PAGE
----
©1997 Jared Diamond; (P)2001 HighBridge Company
"The scope and explanatory power of this book are astounding." (The New Yorker)
"Guns, Germs, and Steel is an artful, informative, and delightful book....There is nothing like a radically new angle of vision for bringing out unsuspected dimensions of a subject." (The New York Review of Books)
This book is very good. The subject matter is contested in some circles, but it is very thought provoking. I'd recommend reading the book rather than listening as some passages will have you hitting the reverse button on your player.
This is an excellent book, as is also Collapse by the same author. But it is a good example of a book that is, IMHO, unsuited for audiobook format.
The premise of the book is fascinating and it started out with great promise ... but soon lapsed into a pretty rudimentary review of human history, travel, and evolution. I stopped and started it a lot because it became a bit dull towards the middle. In the end, I don't feel like the author really answered the question he set out to answer. Maybe there was just too much hype ...
This book has many interesting points and observations. However, there are several sections that you just have to endure. Keep with it and it will be worth your while. The narrator is ok, but not very exciting - this makes the slower parts of the book go even slower...
This book presents the theory that geography and distribution of resources, not genetics, is responsible for the vast disparity in wealth that we see today.
The author presents his argument thoroughly and I certainly learned a few things from this book.
Unfortunately, I also found it quite tedious in parts; I remember a seemingly endless recitation of different crops and their development in different parts of the world. By 3/4 of the way through I was contemplating skipping the rest.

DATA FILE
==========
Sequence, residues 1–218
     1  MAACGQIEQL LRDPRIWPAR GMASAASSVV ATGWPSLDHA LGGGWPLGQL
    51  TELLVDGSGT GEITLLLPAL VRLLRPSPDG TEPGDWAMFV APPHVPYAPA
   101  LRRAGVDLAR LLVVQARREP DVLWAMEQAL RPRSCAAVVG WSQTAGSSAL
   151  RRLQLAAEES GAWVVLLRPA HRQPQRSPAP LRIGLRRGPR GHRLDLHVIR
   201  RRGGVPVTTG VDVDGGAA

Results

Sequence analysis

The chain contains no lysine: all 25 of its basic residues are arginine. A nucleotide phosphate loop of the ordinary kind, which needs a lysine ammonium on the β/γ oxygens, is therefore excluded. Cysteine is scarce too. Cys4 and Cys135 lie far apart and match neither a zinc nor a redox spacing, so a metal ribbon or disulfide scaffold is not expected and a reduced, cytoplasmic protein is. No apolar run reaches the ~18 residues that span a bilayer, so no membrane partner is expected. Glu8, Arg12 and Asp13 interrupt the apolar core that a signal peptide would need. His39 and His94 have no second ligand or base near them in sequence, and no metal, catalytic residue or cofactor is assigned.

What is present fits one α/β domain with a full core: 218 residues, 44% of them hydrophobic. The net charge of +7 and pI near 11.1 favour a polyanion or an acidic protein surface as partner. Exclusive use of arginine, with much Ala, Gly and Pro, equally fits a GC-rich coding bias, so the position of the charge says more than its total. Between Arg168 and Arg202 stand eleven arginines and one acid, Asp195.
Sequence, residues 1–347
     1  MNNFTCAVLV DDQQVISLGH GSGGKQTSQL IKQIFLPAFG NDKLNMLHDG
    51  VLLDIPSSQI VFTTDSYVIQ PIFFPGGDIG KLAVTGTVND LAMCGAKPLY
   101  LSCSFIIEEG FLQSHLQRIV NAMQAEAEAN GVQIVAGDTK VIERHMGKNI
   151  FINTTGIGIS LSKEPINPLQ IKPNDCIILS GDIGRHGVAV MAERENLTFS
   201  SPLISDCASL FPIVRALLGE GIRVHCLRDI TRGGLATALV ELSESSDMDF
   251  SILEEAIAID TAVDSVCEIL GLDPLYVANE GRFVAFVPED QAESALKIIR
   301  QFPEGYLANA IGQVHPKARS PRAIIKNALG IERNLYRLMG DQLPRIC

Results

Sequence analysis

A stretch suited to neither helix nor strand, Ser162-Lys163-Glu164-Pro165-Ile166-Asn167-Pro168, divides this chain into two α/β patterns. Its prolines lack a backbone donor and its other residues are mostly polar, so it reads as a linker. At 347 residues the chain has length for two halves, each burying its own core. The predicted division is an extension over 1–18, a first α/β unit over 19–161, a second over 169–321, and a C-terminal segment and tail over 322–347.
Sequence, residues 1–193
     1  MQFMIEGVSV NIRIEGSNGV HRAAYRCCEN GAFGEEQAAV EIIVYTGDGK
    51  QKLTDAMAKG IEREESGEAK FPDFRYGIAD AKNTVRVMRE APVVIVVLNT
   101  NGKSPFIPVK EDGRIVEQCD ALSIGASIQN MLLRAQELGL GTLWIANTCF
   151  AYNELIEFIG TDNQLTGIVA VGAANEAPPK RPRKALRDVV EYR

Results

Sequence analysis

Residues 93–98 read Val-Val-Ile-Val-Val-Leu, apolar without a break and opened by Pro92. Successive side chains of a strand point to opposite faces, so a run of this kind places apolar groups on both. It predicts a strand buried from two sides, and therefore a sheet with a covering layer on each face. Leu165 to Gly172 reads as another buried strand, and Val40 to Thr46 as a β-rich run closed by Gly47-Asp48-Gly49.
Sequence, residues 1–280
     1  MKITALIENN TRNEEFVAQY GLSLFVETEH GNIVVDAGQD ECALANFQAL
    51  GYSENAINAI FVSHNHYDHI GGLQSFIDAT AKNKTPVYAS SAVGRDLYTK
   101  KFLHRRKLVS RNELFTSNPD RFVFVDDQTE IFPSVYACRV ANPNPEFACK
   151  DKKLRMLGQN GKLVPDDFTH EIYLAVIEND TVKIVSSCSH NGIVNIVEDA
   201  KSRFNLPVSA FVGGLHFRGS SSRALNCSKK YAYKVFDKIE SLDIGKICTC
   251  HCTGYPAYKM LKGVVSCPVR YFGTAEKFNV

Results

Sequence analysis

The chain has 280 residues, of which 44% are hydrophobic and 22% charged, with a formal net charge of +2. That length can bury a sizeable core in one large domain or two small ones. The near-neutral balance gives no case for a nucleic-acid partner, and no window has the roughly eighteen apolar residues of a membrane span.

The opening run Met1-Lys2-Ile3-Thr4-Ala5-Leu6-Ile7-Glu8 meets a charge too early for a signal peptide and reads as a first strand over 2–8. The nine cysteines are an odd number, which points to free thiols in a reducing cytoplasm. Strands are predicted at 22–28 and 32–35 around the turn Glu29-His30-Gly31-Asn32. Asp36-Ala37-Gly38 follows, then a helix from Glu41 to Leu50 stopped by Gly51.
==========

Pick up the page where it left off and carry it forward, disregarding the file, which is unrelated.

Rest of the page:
Perhaps I lack sufficient interest in this topic. I nonetheless will probably try his other book (about why societies fail IIRC) when it comes out on Audible.
Though feeling good about Diamond's agreement to some of the principles of my book, "The Evolution Diet," I was feeling fairly unimpressed throughout "Guns, Germs, and Steel." The title, seemingly influenced by more appropriately named books by Marvin Harris like "Cannibals and Kings," and "Cows, Pigs, Wars, and Witches," attempts to clump together things that wouldn't normally be clumped together. In this case, it doesn't really work- some are reasons for why certain cultures thrived, but another is a result. This inconsistency indicates what becomes clear throughout the book, Diamond really doesn't have a strong point.
Sure, Diamond shows how certain foods allowed for the rapid growth of population that was needed for advanced civilizations and comes up with insightful reasons for success like wide East-West expansion in Eurasia, but not in the Americas and Africa. However, Diamond misses the single-most important factor in why some cultures advanced and others didn't: trade. Sure he grazes over the idea and pretty much offers the proof when he shows why Australian peoples failed to thrive despite having enough natural resources. Trade explains why the multicultural and highly populated Eurasian peoples excelled and the others didn't. The proof is seen in the capitals of advanced civilizations, which, throughout history were located at the center of trade routes (the Fertile Crescent, Egypt, Greece, Rome, Arabia, then France, Holland, and England, and eventually America).
Another irksome tendency in "Guns" is Diamond's racial labeling, which is common elsewhere, but brought to the forefront in this book, which focuses on the differences between races.
Overall, "Guns," reveals a fairly insightful look at the history of humans and how cultures got to their respective levels of advancement, but misses the most obvious reason for it throughout. Because of this, Diamond squanders a great opportunity.
Based on its popularity and high reviews, I expected alot from this book. I was disappointed in that it was dully read, and the material was repetitive. There's a lot of space filled by lists, and I learned less than I hoped.
Not only is this book enlightening and entertaining, it might just change the way you live. The descriptions of the advancement of civilization take a logical approach to the question "why have certain peoples advanced seemingly faster than others?" and gives very interesting examples on the way to answering this fairly simple question. I particularly enjoyed the descriptions of the agricultural advancements and domesticable species.
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